IT’S a funny old week, the World Golf Championship – Dell Technologies Match Play. Bit of a mouthful, too. Hyphens here, missing words there, other ones broken up into two. There are 64 players in the field and as many different versions of the tournament’s title doing the rounds in various publications and online.
They’ve never quite got the format right, either. The world’s elite (as well as television executives, sponsors and promoters) hated the straight knockout because the prospect of the top seeds lasting less than 18 holes was calamitous. On the other hand, having 16 groups has proved something of a half-hearted fudge as well, with insufficient peril on day one and too many dead rubbers on day two.
Still, it’s easy to argue that a break from the normal dynamic is a good one. The relentless diet of 72-hole strokeplay does get a little wearisome and the Austin Country Club has proved to be the best venue in the tournament’s lifetime; a decent Pete Dye design with plenty of risk and reward.
Each Way – Jon Rahm at 12/1
One of match play’s great virtues is that it can jump-start a career or, in the case of an elite player, his form. The change in format fires the brain in a subtly different manner and aspects of the game that were draining his energy can suddenly be freed. I have a suspicion that could happen in the case of Jon Rahm this week. He’s had a solid 2022 from tee to green. In fact, he’s played very well in that part of the game, ranking first for Greens in Regulation in two events, second in two more, third in another, and 11th last time out.
In match play hitting more greens than your rival won’t guarantee victory, but it’s a damn good starting point: making par should be a safer prospect and you’ll be taking aim at more par-breaking opportunities too. Rahm’s problem in 2022 has been putting and he’s been meddling with both his equipment and method, but the format change might do the trick.
Another difficulty he’s had this year is a bad-temper, a sort of bear-with-a-sore-head impression. It’s something else that the change in dynamic might help with. Instead of frustration with a long term goal (four rounds, 72 holes, an entire tournament) he can concentrate on each hole and each match as and when they come.
Oddly satisfying. 👌
Cutting the hole on the signature par-5 12th. pic.twitter.com/RCEHN4dmfL
— WGC-Dell Technologies Match Play (@DellMatchPlay) March 21, 2022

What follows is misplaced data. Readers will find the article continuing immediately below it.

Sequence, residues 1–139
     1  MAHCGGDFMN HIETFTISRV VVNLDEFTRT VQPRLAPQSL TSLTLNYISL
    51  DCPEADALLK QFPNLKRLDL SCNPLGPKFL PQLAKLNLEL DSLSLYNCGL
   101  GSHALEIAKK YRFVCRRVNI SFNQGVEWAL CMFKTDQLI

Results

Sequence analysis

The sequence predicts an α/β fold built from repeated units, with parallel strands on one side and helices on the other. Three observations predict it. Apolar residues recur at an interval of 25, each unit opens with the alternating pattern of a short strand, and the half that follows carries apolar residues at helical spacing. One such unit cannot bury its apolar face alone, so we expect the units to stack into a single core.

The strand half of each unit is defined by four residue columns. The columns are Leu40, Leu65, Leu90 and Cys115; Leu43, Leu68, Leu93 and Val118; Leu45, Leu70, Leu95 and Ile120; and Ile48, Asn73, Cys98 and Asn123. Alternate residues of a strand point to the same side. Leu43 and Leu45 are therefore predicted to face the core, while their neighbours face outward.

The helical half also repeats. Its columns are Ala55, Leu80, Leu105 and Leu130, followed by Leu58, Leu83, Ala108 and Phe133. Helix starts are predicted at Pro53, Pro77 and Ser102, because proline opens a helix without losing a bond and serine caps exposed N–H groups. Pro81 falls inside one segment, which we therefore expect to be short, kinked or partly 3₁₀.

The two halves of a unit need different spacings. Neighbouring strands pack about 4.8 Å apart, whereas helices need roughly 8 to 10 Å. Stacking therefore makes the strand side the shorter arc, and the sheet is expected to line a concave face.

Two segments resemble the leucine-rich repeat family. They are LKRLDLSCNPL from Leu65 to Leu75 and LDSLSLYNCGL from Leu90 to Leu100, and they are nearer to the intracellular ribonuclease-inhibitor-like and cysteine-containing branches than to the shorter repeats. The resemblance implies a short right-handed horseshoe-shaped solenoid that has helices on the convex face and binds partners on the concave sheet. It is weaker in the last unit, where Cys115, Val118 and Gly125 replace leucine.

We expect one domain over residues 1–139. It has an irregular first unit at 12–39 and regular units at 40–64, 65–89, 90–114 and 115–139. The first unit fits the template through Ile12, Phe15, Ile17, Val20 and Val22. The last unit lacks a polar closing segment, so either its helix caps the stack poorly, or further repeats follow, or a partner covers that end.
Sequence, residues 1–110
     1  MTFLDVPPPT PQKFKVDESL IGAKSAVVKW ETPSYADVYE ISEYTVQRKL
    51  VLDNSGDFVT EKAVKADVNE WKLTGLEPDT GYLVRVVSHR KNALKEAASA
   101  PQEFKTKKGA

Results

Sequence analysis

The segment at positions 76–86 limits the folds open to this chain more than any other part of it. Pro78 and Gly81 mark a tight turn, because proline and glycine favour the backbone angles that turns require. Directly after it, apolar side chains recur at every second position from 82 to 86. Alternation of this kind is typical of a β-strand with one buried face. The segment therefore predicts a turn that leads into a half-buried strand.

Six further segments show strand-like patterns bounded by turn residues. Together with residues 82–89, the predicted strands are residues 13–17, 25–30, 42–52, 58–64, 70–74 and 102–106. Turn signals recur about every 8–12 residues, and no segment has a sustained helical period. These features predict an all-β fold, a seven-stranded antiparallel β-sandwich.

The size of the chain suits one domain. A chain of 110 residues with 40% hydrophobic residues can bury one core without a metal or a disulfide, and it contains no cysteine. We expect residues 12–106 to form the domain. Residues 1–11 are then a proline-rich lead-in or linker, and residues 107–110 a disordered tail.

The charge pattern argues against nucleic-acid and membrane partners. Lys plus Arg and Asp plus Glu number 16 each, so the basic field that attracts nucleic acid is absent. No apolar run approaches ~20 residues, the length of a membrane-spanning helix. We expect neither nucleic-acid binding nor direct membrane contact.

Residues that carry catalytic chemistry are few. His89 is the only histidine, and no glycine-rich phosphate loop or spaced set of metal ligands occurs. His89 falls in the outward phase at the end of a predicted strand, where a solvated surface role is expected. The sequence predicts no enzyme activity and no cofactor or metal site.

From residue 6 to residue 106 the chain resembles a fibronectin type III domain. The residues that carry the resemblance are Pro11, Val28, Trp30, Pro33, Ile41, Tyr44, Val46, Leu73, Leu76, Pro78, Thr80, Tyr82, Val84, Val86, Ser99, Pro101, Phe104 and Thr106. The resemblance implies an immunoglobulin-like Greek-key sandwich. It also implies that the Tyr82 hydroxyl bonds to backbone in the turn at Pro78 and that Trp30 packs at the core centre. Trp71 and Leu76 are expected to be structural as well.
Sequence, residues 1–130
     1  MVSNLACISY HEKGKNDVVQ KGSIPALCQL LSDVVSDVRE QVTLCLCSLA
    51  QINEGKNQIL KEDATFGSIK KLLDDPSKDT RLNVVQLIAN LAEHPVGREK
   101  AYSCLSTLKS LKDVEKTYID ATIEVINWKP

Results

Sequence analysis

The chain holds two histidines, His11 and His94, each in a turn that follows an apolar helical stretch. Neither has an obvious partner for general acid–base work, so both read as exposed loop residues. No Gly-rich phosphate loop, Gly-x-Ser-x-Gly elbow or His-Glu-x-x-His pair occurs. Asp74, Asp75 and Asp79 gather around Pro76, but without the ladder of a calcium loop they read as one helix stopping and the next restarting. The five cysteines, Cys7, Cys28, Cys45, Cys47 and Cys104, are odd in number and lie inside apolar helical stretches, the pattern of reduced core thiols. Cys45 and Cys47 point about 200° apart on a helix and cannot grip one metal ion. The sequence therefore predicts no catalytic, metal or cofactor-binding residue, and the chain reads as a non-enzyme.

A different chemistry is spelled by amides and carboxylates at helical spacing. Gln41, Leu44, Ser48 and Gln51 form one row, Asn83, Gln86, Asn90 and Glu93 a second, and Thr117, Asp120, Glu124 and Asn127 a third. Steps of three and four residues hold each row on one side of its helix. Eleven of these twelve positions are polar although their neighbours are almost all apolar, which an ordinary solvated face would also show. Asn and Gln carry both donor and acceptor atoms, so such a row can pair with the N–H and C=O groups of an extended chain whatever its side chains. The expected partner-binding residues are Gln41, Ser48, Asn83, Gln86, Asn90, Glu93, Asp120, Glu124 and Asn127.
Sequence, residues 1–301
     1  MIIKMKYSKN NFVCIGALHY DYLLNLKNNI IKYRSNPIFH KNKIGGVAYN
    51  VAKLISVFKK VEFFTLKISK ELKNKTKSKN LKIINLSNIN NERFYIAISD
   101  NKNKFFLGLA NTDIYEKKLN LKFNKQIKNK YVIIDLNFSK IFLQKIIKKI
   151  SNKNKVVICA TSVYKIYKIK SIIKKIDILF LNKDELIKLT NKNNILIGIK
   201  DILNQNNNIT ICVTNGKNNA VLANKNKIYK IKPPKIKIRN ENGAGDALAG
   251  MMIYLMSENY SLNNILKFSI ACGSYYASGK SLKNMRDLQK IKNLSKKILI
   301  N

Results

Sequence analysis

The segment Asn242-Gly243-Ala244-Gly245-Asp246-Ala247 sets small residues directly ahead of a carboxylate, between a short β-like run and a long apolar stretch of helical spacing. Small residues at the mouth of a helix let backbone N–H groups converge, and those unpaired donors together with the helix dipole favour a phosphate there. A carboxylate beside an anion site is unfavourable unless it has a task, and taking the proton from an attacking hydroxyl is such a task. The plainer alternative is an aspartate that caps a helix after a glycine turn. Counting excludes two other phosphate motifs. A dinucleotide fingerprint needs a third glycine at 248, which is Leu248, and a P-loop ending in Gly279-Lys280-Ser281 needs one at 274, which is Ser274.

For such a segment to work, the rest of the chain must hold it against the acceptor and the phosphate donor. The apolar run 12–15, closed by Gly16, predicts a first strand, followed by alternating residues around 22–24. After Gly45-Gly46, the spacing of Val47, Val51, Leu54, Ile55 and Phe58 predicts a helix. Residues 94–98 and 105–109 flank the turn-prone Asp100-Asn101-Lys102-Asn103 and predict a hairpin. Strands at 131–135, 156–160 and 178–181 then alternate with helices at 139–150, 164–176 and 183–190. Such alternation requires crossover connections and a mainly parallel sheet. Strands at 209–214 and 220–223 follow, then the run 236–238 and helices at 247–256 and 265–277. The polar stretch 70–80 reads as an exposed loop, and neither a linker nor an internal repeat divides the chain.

Each Way – Joaquin Niemann at 35/1
Previous winners at Austin CC had good form: Jason Day, Bubba Watson and Dustin Johnson had all won in recent weeks, Billy Horschel had finished second, Kevin Kisner was ticking along nicely. They were all hitting plenty of greens, too (three of them rankings top 20 in at least three of their previous four starts). It makes sense given the thoughts above.
Chile’s Joaquin Niemann fits that bill rather nicely. He was a winner of the Genesis Invitational in February, shortly after landing top 10s in the Saudi International and Farmers Insurance Open. He was also T22nd last time out at THE PLAYERS Championship. In three of his last four starts he ranked top 20 for hitting greens and over the last 12 weeks only Justin Thomas has a better scoring average. That’s sustained quality golf and, loathe as I am to overthink the draw, a group of Kevin Na (not much golf recently), Maverick McNealy (late entry) and Russell Henley (a losing record at Austin) shouldn’t faze him.
Each Way – Corey Conners at 50/1
Another common thread of winners in Austin is a fine record in Texas. Day, Horschel and Kisner had all won there ahead of victory in this event, Watson had a second, Johnson a third. A few names that trend throws up would include Jason Kokrak (can he win three in a row in Texas?!), the red-hot Scottie Scheffler, Collin Morikawa, Jordan Spieth, Daniel Berger and Sebastian Munoz. But measuring prices against potential I like the look of Canada’s Corey Conners.
He’s not only got victory in the 2019 Texas Open on-side, he also hits green for fun (second in the field this season behind Rahm) and his form is bubbling: he was T11th at the Arnold Palmer Invitational in his penultimate start and tied fifth at halfway ahead of finishing T26th last time out in THE PLAYERS. He’s also not afraid of a big occasion, landing top 15 finishes last year in three of the majors, the Olympics and THE PLAYERS.